Humor writer Kristen Hansen Brakeman is worried about her husband. Not that he hasn’t made good use of his time while locked down at home in La Canada, California. But that’s the problem. Which Kristen recognized when she saw, he has even started using The Big Spoon.
That’s twice this week that he used the big spoon. It struck me as odd when I emptied the dishwasher. Now, three days after that, I see that he’s used it again.
I shouldn’t give it another thought because my husband Forrest does all the cooking. I should just be thankful. How many wives wouldn’t be thrilled to have their husband cook even one day a week, let alone all seven? Still, it’s one of our special serving spoons, the kind we use when we host Christmas dinner, not an everyday spoon. We have plenty of those. In fact we have an abundance of spoons.
So why, after 31 years of marriage, and 12 months of Covid seclusion in the same house together, day after day, night after night, with both of us mostly unemployed, would he suddenly use one of our special spoons? It would be like me putting on a cocktail dress to run to the UPS.
He must have cracked. This endless seclusion must have finally gotten to him.
I realize I missed other signs, like the extravagant ear-pods he started wearing around town like he’s some sort of tattooed, hipster millennial. I guess the purchase could be justified. After all, he walks five to ten miles a day and he was frustrated that his corded earpieces kept getting pulled out of his ears.
I suppose the expensive ear-pods will also come in handy when Forrest does his daily Spanish lessons on the computer, the ones he started back in May, the ones that regularly prompt him to say, “A Jose le gustan las manzanas. Le gustan mucho.” (For the Spanish-challenged, Jose likes his apples. A lot.)
Still, as I sit here scrolling the internet, seeing the same headlines posted over and over, I worry now about my husband’s other suspicious behavior. There is the constant reading of recent Pulitzer Prize-winning novels, of literary classics he missed as a youth, and of historical tomes that he didn’t have time to read back when he was working regularly and we had three young children at home.
This is new, this excessive reading. At first during the lockdown it was just an occasional thing whenever he hit overload from the constant barrage of terrible news. But now it’s daily, and it’s gotten to the point where if I refer to a video that’s trending— like the internet cat lawyer, or the latest anti-mask tirade, or a funny offering from a viral comedian— he doesn’t know what I’m talking about!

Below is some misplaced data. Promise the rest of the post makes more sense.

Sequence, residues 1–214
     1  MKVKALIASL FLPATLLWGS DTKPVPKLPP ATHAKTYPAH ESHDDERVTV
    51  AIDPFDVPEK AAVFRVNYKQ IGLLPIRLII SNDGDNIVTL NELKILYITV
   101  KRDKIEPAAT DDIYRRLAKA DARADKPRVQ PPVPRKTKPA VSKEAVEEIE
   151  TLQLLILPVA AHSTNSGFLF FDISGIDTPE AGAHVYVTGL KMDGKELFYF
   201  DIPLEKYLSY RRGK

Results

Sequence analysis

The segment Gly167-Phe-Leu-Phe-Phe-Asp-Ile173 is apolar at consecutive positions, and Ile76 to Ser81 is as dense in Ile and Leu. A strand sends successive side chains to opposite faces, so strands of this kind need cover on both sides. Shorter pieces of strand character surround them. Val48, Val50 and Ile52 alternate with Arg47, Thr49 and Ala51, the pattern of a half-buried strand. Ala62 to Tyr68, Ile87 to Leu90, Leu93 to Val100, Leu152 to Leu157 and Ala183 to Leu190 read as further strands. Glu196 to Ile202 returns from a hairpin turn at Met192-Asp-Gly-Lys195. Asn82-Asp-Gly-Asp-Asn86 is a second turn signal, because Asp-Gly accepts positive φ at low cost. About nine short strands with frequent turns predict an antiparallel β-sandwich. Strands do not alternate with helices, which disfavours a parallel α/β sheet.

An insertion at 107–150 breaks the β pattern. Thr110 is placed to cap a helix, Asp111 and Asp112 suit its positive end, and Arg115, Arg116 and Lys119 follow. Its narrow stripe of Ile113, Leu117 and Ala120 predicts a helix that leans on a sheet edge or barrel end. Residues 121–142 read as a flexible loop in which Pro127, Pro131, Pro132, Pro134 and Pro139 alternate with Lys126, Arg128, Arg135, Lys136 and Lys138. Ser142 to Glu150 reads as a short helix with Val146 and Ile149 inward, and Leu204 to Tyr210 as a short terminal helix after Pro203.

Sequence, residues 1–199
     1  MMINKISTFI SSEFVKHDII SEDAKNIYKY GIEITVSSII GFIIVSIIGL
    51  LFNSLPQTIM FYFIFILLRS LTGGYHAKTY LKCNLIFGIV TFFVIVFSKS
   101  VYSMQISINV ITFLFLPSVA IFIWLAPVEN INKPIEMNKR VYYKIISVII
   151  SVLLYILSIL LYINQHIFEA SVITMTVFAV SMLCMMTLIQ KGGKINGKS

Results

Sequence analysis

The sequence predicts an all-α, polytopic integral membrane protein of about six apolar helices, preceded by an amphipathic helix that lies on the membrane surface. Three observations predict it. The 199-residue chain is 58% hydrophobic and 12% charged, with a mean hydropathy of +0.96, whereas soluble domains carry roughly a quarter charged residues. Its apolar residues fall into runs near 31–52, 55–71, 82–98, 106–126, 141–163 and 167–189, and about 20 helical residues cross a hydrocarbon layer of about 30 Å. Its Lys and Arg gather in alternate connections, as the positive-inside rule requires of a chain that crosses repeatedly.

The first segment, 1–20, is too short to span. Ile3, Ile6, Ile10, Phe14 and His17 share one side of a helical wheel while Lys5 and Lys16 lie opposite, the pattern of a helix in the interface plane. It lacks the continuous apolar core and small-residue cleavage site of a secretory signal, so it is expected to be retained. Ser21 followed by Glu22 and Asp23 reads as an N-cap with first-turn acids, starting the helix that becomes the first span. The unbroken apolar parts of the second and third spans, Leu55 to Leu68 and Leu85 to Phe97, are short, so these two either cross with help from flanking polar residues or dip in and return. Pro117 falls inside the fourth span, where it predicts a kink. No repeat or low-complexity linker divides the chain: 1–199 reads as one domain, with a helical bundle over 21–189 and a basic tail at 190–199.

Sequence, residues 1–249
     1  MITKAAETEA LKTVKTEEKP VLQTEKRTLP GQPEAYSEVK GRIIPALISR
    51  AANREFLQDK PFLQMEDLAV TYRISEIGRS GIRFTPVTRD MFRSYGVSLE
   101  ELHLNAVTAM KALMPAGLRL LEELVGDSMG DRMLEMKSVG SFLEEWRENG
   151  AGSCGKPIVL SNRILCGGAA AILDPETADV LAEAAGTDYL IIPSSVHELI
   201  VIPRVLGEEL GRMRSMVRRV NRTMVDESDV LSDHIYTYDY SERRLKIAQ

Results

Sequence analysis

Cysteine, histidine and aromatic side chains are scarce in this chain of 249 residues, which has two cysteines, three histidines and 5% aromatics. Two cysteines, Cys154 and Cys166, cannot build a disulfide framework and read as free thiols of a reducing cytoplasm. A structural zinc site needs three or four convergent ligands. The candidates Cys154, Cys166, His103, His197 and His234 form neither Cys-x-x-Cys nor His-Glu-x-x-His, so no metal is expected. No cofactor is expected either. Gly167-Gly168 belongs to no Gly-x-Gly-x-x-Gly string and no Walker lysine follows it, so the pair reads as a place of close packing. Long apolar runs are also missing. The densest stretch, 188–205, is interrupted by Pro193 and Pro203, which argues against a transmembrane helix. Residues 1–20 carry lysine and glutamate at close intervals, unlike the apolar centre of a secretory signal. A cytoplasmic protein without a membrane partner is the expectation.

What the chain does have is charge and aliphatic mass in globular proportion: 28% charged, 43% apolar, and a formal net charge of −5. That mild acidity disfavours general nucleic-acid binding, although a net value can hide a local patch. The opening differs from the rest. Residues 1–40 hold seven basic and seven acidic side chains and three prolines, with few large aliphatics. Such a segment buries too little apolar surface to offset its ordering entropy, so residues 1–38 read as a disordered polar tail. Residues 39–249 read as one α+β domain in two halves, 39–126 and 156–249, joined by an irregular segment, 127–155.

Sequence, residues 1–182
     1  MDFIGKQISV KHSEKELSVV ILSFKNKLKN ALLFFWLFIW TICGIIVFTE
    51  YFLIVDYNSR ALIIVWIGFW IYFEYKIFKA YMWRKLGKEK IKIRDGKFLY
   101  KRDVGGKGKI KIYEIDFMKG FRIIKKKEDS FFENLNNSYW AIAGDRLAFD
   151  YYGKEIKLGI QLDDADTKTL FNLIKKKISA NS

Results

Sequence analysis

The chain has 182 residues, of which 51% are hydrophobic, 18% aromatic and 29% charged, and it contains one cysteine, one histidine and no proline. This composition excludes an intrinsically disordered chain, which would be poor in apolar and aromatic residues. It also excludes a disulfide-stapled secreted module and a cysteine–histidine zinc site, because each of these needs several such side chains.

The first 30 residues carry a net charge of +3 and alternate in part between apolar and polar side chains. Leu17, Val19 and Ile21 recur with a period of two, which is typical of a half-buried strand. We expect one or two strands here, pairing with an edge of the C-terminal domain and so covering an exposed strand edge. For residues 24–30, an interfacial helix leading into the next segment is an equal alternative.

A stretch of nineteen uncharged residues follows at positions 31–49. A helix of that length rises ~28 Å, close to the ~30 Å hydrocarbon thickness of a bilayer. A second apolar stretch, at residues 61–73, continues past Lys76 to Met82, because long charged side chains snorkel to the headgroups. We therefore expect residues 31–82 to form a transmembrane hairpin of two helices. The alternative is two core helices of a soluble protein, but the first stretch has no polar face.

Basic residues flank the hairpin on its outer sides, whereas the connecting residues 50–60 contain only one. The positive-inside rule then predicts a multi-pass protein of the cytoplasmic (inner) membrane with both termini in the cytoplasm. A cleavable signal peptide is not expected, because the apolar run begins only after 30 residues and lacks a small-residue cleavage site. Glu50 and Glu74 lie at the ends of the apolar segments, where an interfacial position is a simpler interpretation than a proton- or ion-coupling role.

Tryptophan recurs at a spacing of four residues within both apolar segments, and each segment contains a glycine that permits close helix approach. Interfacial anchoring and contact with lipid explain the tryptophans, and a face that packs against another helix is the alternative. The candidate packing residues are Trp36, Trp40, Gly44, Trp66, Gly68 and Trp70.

It’s like, I don’t even know him anymore.
Then there are all the new recipes! He’s cooking so many new dishes, it’s as if he were opening a restaurant and trying to create a menu. Why just last week, there was braised short ribs and polenta. Another night was bruschetta appetizer followed by Pasta Bolognese. Then there was Pollo con Verde that somehow became enchiladas on the night that followed. I mean, who does that?
There were also lemon bars and sweet potato pies, and batches and batches of chocolate chip cookies, and then the experiments with creative cocktails too: the Negronis, the Manhattans, the Boulevardiers.
I should have known something was wrong. But that can happen in a long marriage. I was too wrapped up in my own worries to notice, too busy tweeting about the latest travesties out of Washington, too busy texting my sisters about the misery of our endless hibernation, too busy commiserating with friends about opportunities missed and milestones lost.
I didn’t hear his obvious cries for help.
Now he’s made plans to clean out the garage. He even suggested buying new shelving that he could install on the back wall. Perhaps we could sort through the keepsake bins and get a rack for the gardening equipment too, he said, but do it soon before the vaccine becomes more available and our time at home comes to an end.
Should I stage an intervention or is it best to let it go?
Just this morning I saw him eyeing our old guitar and inquiring about online lessons. I should probably step in. I need to make sure he’s been properly briefed on the latest news, knows about every injustice and possible doom.
Then again, I noticed a recipe for fish tacos in our printer. I suppose my concerns can wait another day. Because me gustan los tacos de pescado. Me gustan mucho.
Kristen is the author of a collection of comic essays, “Is That The Shirt You’re Wearing?: A Memoir in Essays”